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Saturday, June 22, 2013

MacBook Air review (13", mid-2013 model), and the "Write Anywhere, Anywhen"™ concept.

When last we were talking, I'd posted several blogs about the capabilities of being an author in the CloudAge, using the capabilities of the Cloud and the power of tablets and smart phones (and specifically, the iPad) to empower writers to "Write Anywhere, Anywhen."™ ... well, those things still remain high on my list of things to think about, blog about, and concern myself. What I have noted in the meantime is that the fundamental bedrock of my writing, the amazing software program Scrivener, does not run on a iPad. I also found all of the existing ways to use various iPad Apps to write on the iPad, and then later pull changes into Scrivener, to be not just less than ideal but really quite a pain in my butt. So I pulled a few favors, collected some spending approval, and dropped the hammer on a new laptop.

A new laptop has been on my WishListOfThingsToHave for a long time, since the last laptop I'd owned (a white dual-USB iBook) was laid to rest many years ago. Since that time, I've been kind of limping along with (at first) a refurbished eMac, and then later a shared iMac with a family member, neither of which was ideal for my needs but was better than nothing. After recently needing to lower my amount of time shared on the iMac, and reverting back to the eMac proved to be a BadIdea, my needs have become much more emergent. The purchase of the iPad about this time last year alleviated some of the most acute of those needs, permitting me to take care of certain aspects without spending the money a full laptop would have required, but even that has proven to be a stop-gap for specific needs (like, Scrivener, office productivity software, my software programming work, and etc.).

After some considerable research, review-reading, personal experience, and much wringing of hands, I was lucky enough to have the time to watch this year's WWDC Keynote, where they announced the immediate availability of upgraded MacBook Air laptops, taking advantage of a new battery-saving CPU from Intel (the Haswell), and some upgraded components. The timing was perfect, and I was able to snag for myself a new MacBook Air 13" (full specs after a bit, and the rationale for the 13" instead of the 11" as well).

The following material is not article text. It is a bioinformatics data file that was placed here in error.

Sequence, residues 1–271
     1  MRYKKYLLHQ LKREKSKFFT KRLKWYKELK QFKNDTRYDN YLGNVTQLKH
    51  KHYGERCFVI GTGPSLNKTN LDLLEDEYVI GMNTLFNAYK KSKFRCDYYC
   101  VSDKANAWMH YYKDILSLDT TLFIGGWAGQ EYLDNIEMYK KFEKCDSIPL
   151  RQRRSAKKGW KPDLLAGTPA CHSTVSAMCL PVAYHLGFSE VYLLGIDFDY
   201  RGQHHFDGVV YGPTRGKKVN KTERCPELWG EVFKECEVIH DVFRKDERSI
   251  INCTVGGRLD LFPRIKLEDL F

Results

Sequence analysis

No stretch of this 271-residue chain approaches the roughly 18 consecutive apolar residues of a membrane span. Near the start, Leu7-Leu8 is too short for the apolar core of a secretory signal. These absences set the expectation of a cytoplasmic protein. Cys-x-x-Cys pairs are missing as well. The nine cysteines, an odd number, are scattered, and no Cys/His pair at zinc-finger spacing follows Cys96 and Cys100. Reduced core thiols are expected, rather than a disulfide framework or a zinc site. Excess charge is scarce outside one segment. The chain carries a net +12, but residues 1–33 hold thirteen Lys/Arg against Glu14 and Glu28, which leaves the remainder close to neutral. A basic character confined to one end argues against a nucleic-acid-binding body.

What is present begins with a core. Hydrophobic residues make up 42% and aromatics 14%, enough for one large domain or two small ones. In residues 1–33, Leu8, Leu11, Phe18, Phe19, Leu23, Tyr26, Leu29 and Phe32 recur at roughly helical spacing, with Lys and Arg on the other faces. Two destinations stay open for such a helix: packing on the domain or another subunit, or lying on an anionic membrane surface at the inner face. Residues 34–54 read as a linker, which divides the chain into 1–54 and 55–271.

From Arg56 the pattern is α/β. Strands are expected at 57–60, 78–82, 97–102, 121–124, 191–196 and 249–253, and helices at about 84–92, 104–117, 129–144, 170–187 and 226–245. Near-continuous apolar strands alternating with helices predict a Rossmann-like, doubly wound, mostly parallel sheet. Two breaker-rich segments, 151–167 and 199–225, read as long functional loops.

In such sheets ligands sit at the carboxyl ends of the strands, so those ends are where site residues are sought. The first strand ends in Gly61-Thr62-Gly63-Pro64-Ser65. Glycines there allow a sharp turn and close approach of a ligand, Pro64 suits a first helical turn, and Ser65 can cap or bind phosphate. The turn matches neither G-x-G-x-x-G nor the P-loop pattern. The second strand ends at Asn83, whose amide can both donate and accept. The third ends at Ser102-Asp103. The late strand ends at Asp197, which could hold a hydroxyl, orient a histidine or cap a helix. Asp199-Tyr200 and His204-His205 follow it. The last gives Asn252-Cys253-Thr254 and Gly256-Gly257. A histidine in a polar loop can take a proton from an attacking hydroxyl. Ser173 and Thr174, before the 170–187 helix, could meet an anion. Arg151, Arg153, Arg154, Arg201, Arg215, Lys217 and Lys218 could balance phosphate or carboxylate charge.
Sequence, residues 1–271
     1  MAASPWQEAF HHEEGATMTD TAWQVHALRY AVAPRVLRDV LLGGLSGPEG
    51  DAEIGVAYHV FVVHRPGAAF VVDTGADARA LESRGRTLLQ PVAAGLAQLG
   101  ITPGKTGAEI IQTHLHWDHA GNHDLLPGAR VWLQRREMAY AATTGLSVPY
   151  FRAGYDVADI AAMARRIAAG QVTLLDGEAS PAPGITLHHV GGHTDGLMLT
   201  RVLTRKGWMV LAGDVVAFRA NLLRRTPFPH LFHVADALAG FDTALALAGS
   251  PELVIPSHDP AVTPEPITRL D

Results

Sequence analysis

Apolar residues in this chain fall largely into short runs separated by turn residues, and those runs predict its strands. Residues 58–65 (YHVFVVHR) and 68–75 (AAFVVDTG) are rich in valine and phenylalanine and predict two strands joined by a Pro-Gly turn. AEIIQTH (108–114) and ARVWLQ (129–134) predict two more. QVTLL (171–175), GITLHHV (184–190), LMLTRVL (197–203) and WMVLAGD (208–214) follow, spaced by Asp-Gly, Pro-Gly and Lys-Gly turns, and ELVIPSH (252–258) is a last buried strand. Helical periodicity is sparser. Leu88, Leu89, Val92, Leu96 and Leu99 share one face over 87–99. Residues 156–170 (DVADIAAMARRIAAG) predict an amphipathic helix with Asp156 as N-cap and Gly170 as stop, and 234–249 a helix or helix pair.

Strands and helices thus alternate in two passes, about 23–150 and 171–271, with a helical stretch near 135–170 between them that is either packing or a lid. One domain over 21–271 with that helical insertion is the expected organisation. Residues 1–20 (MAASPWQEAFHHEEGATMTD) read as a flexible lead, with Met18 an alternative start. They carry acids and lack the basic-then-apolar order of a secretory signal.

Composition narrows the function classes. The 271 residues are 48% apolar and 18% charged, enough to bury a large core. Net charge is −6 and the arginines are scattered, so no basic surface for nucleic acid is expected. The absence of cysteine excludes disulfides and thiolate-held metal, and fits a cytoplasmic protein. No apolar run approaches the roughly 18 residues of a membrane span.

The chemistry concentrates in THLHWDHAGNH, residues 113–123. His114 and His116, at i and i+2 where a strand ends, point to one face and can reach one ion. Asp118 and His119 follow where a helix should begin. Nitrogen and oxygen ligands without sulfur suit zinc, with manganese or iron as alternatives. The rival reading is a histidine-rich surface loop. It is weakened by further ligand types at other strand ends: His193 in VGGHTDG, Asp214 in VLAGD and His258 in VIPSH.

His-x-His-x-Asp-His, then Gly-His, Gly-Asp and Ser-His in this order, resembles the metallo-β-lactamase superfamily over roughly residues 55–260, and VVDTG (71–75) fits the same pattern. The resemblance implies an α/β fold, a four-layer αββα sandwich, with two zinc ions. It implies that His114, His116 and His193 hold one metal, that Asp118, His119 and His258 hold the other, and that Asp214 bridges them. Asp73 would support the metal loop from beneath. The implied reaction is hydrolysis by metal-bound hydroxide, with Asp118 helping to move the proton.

I've had this machine for only a few days now, but I am really, truly, happy with my laptop. Crazy happy. Super-duper over-the-moon happy. Yes, I've spoiled the ending, but let me explain why I like this machine.

First, let me say that at first glance, the changes looked like modest upgrades. The new MacBook Air line is not to the 2012 model as the MacBook Air was to the iBook: a radical change in perspective, or hardware, or utility. Generally, the changes amount to a minor change of bus, an upgrade in CPU (though, technically, a downgrade in clock speed), a change in SSD provider, adding a microphone, a change of battery, and an upgrade in WiFi. What these individually minor updates do, however, is make up in the gestalt and synergy what they seem to lack in their individual impressiveness.

In fact, what they combine to create is a true road warrior's dream of a laptop: a fully-capable, very fast laptop computer capable of being used pretty much all day long without recharging. When I say "all day long," that's really just what I mean: I've gotten up early in the morning, headed down to my local coffee shop, and started at 6 am with a full charge, worked there for several hours then headed home and worked until almost 5 pm before I got the warning message that my laptop was on reserve power.

Yes, you read that right. Right about eleven hours of use on a single charge, with a 13" laptop. And that's not eleven hours of open it up, type one email, sleep it, lather rinse repeat. No, that's sitting with iTunes playing, headphones in, writing in Scrivener with three web browsers open (RockMeIt, Chrome, and Safari), with multiple tabs in each, mail open, writing and doing online research for several hours, then going home and doing some more of the same. In other words, working.

Since I can't compare my laptop to prior models myself, I will point you to several other reviews by people who can do direct comparisons. What I can tell you is my experience with this one in particular.